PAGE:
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The list of accusers against Supreme Court nominee Brett Kavanaugh continues to swell. Also on the Tuesday rundown: Hurricane Florence SNAPs North Carolina to attention on the importance of food benefits; plus a new report says young parents need better supports.

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Low-Income Families Could Get Help Buying Diapers

Legislation to help families buy diapers is pending in Congress. (Brad Robinson)
Legislation to help families buy diapers is pending in Congress. (Brad Robinson)
July 18, 2016

LITTLE ROCK, Ark. - Federal lawmakers are considering legislation that would fund pilot programs in states such as Arkansas to help low-income families afford the necessity. Currently, no federal program meets that need, said Alison Weir, chief of policy and research with the National Diaper Bank Network.

"You tell people that you can't buy diapers with food stamps or WIC and the first response is 'what?' Neither program is meant for that, but the programs that were meant to cover basic needs have all shrunk to the point where there's a big hole in the safety net," she said.

Temporary Assistance for Needy Families (TANF), is the only program that provides money that could be used for diapers, but in Arkansas that benefit is limited to $185 a month for a household with one parent and two children. Missouri recently opted to fund diaper banks there and California is considering a voucher to offset the cost for children enrolled in subsidized day care. The federal bill has been referred to a House subcommittee for consideration.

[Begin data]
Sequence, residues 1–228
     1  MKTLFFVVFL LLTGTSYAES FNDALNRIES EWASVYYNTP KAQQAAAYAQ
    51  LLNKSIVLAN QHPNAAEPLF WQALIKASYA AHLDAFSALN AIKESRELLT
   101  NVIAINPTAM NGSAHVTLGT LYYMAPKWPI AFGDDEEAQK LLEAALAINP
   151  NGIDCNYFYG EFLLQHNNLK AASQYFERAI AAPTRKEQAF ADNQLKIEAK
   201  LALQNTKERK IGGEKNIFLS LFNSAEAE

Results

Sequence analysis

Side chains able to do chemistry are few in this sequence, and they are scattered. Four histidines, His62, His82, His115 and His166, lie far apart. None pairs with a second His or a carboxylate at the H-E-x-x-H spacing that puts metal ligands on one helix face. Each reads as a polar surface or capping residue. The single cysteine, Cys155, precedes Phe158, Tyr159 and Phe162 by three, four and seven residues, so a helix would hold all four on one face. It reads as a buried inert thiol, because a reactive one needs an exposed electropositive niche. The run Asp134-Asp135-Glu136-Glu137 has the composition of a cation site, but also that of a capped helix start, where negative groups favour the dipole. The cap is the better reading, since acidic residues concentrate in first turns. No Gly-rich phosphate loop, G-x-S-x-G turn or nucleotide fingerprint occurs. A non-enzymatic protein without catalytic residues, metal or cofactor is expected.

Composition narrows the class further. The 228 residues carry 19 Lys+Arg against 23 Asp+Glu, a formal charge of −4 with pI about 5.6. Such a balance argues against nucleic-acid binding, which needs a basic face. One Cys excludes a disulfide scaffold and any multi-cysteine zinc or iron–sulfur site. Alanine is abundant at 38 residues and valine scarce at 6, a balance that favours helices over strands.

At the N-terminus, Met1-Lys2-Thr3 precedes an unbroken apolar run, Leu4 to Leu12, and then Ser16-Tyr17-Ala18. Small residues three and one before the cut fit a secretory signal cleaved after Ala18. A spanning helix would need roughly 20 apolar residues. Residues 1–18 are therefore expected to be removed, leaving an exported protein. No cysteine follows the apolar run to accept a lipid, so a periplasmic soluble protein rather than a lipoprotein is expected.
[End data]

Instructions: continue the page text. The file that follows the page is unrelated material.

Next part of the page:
Weir said the pressure to provide diapers often forces parents to make tough choices. It's a fact illustrated by a survey from Feeding America in which parents shared some surprising confessions.

"A large number of folks admitted delaying changing a diaper or, in some cases, shaking a diaper out and trying to reuse it." she added. "And if you don't have diapers in most cases you can't leave your child at day care because most day cares requires parents to provide the diapers their child will use."

There are about 115,000 children under the age of three in Arkansas, and according to the National Diaper Bank Network, about one in three are in a family that earns less than 100 percent of the federal poverty level.

Veronica Carter, Public News Service - AR